Welcome to the SNOB (Second Novel Ominipresent Blues). Whether you’re under contract or trying to snag another deal, you’re a professional now, with the pressures of a published novelist compounded with the still-present nagging self-doubt of the noobie. How to deal?
My guest for today's SNOB is Rachel Lynn Solomon, who writes, tap dances, and collects red lipstick in Seattle, Washington. She is the author of two young adult novels, You'll Miss Me When I'm Gone (out now from Simon Pulse) and Our Year of Maybe (out January 15, 2019). Once she helped set a Guinness World Record for the most natural redheads in one place. You can find her online and on Twitter.
Is it hard to leave behind the first novel and focus on the second?
Definitely, and for me the hardest part was accepting that my first book was “done”—no more middle-of-the-night epiphanies, no more last-minute tweaks. I had all these other versions of You’ll Miss Me When I’m Gone in my head, but readers would only know one of them.
My first book was also a bit of a journey. I started working on it in 2013 while on submission with another YA (and then another) that didn’t end up selling. My former agent put it on submission for a short time, and after we amicably parted ways, I queried it for six months before signing with a new agent. Then we went on submission with it again. By the time the book was published in early 2018, it had been in my life for nearly five years.
In comparison, I started working on my book 2 in early 2016, though after You’ll Miss Me When I’m Gone sold in a two-book deal in mid-2016, I set aside that book 2 for about a year while working on YMMWIG edits. I estimate that I worked consistently on book 2, Our Year of Maybe, for about a year, maybe less. So the amount of time I spent on each book was was wildly different.
I also felt torn between wanting to write the same book and trying to distinguish it from my debut as much as possible. Every time I read a positive review of YMMWIG that praised something I didn’t do in OYOM, I wondered if I should add it in, even if it didn’t fit the story. Ultimately, though, I found a balance, and I think OYOM has a lot in common with YMMWIG while exploring some themes (codependent friendship, obsession, self-discovery) my debut didn’t.
At what point do you start diverting your energies from promoting your debut and writing / polishing / editing your second?
In my case, these things overlapped quite a bit! YMMWIG came out early January 2018, and OYOM was sent to copy edits in late February. So the end of 2017 was spent promoting YMMWIG and revising OYOM, on top of working full-time.
I tried to focus on the aspects of promo that 1) I enjoyed and 2) increased visibility for the book. I wrote a blog post breaking down everything I did and how much money I spent.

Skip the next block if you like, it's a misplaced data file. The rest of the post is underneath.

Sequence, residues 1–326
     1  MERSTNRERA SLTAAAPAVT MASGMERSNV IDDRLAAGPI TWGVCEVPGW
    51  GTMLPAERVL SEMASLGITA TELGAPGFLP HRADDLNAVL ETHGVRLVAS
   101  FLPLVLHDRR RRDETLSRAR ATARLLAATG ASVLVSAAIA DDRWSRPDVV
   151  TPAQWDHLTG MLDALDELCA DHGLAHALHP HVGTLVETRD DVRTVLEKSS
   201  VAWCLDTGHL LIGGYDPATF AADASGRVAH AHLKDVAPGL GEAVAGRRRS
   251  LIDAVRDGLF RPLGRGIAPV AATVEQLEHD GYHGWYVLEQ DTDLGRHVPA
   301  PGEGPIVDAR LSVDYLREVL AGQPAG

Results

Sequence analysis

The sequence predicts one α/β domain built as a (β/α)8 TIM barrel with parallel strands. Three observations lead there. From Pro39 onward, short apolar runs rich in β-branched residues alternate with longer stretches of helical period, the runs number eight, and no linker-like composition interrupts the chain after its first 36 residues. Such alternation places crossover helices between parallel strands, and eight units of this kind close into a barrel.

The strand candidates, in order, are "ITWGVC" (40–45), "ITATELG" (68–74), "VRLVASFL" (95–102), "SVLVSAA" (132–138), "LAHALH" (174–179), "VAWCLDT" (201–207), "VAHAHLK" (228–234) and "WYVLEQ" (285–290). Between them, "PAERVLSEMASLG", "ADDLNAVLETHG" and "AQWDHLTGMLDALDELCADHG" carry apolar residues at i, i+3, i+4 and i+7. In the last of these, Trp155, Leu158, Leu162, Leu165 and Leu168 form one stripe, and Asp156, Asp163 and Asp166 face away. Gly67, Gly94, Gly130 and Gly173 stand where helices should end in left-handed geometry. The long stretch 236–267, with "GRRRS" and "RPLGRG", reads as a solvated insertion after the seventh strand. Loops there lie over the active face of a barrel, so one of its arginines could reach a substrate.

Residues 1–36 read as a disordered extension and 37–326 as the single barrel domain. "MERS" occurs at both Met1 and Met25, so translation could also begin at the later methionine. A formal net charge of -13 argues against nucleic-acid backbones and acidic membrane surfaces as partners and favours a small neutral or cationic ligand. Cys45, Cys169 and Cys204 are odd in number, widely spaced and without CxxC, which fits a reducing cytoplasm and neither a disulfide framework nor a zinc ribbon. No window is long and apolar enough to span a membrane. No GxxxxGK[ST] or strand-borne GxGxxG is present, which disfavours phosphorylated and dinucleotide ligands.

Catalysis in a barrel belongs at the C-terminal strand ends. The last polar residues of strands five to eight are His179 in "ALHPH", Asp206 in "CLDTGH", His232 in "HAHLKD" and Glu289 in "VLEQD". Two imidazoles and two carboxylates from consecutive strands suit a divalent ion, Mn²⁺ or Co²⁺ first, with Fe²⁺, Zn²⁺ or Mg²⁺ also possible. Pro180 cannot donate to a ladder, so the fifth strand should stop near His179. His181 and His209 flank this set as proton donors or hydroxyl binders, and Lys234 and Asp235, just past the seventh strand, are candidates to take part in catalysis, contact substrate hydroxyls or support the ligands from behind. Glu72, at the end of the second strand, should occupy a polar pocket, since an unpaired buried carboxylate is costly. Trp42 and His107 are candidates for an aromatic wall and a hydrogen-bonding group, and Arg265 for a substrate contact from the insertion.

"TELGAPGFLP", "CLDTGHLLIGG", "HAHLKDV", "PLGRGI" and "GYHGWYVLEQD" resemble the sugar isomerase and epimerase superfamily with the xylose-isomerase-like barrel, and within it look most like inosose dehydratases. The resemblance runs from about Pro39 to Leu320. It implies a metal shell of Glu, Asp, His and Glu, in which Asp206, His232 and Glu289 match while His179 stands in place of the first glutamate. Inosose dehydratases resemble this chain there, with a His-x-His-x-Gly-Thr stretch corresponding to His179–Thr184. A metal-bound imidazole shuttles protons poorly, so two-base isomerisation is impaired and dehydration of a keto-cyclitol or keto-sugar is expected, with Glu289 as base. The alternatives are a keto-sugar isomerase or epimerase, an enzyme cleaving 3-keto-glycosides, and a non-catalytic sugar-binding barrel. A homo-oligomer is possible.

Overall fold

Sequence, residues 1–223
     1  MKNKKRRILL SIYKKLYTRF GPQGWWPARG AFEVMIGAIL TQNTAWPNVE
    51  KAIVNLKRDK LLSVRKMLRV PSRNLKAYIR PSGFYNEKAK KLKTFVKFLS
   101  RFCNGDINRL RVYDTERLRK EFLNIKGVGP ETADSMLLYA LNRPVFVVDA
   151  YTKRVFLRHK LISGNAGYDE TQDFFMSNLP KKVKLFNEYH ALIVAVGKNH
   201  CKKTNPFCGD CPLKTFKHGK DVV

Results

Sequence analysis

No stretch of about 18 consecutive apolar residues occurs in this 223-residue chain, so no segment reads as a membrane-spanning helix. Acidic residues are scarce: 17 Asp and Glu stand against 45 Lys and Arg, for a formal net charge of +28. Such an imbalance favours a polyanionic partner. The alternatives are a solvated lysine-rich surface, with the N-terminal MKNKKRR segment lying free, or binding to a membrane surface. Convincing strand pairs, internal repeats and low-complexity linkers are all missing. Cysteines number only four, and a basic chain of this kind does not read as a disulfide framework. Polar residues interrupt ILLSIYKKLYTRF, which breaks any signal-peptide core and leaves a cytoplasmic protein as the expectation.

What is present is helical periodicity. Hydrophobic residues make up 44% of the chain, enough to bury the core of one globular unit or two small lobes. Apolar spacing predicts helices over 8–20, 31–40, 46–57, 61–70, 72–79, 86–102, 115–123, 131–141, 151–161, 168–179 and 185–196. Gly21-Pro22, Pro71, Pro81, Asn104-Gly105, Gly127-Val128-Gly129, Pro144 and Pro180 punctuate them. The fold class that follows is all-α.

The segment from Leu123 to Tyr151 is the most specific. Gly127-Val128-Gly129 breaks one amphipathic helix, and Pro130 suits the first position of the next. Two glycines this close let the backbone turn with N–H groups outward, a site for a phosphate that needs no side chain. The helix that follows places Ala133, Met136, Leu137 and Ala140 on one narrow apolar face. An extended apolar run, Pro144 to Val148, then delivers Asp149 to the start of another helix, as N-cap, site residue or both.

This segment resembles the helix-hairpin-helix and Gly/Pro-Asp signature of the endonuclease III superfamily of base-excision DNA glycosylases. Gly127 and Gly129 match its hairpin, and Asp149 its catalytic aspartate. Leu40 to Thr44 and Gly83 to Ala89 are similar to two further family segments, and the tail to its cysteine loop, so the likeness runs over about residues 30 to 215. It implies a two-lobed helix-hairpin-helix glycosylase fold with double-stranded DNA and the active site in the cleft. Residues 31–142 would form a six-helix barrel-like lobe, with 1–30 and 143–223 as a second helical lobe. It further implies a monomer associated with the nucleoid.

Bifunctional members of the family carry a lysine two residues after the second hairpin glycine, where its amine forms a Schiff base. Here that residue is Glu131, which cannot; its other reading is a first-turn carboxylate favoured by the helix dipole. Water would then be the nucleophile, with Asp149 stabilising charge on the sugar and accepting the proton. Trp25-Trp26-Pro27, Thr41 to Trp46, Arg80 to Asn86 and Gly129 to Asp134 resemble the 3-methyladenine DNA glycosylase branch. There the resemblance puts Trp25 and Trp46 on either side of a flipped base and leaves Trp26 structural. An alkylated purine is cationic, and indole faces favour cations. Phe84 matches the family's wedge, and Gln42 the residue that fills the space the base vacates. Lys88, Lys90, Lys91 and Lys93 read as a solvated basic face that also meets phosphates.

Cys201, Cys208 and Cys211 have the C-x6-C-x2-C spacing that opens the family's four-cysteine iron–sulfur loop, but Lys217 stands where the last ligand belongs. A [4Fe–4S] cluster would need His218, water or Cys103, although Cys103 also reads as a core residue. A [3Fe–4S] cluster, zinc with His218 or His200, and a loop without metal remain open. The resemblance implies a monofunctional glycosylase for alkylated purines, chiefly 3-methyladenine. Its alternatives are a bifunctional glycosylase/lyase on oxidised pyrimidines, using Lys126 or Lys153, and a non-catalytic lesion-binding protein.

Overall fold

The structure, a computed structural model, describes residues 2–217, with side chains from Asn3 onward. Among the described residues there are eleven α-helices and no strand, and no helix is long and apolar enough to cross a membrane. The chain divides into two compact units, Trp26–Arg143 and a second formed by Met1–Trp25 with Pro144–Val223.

Your first book landed an agent and an editor, and hopefully some fans. Who are you writing the second one for? Them, or yourself?
Most of the time, I find that I’m writing for my teen self: the books I would have loved, but more importantly, the books I needed. Of course, plenty has changed since I was a teen—I remember thinking texting would never catch on and resisted it until I was a senior in high school—so I keep the modern teen audience in mind, too.
I’m also often writing to counteract negative portrayals of girls in YA (particularly the ones I read as a teen), mainly when it comes to sexuality, desire, and ambition. I don’t think it’s selfish to write for ourselves first. We should enjoy and take pride in the work we’re creating—how can I expect someone else to love something I’ve written if I don’t love it first?
Is there a new balance of time management to address once you’re a professional author?
After a lot of planning, I took a leap into FT writing in the fall of 2018. I’d been working FT from home prior to that, which unfortunately meant it felt like I was always working. When I had time to write, I’d stress myself out so much because I didn’t know when I’d have that writing time again. I sold two more books to Simon Pulse in mid-2018, and I was hungry for time not just to write them—but to truly enjoy writing them.
One thing I didn’t realize, though, was that a decent chunk of time spent author-ing isn’t actually spent writing. You’re also responding to emails, promoting your books, interacting with other authors, reading their work, standing in line at the post office, etc.
I try to plan out my weeks so I’m writing every morning for about four hours. Afternoons are for promo, freelance editing, errands, or whatever else needs to get done. It’s still a work in progress, but I think I’m getting better at the time management element.
What did you do differently the second time around, with the perspective of a published author?
I’m a lot calmer now than I was the first time around. All of this still feels new and exciting, but the first half of my debut year, I had a hard time not constantly comparing myself to others. You see something great happen for someone, and you’re thrilled for them, but you still wonder: “Why not me? Why not my book?” It’s impossible to avoid—even if you’re getting a couple of those great somethings. And I truly am happy with my debut experience.
Then, halfway through the year, I felt a shift and gained some much-needed perspective. Part of it was sparked by this excellent blog post from Susan Dennard. It hit me that the only way I’d have a chance at achieving any of my author bucket list goals was by writing the next book. And then writing the one after that, and so forth. That’s really the only thing we can control in this industry. So I’ve made a concerted effort to channel that into my writing, and to put out both positivity and honesty on my social media whenever I can. Because at the end of the day, I feel so incredibly lucky that I get to do this again.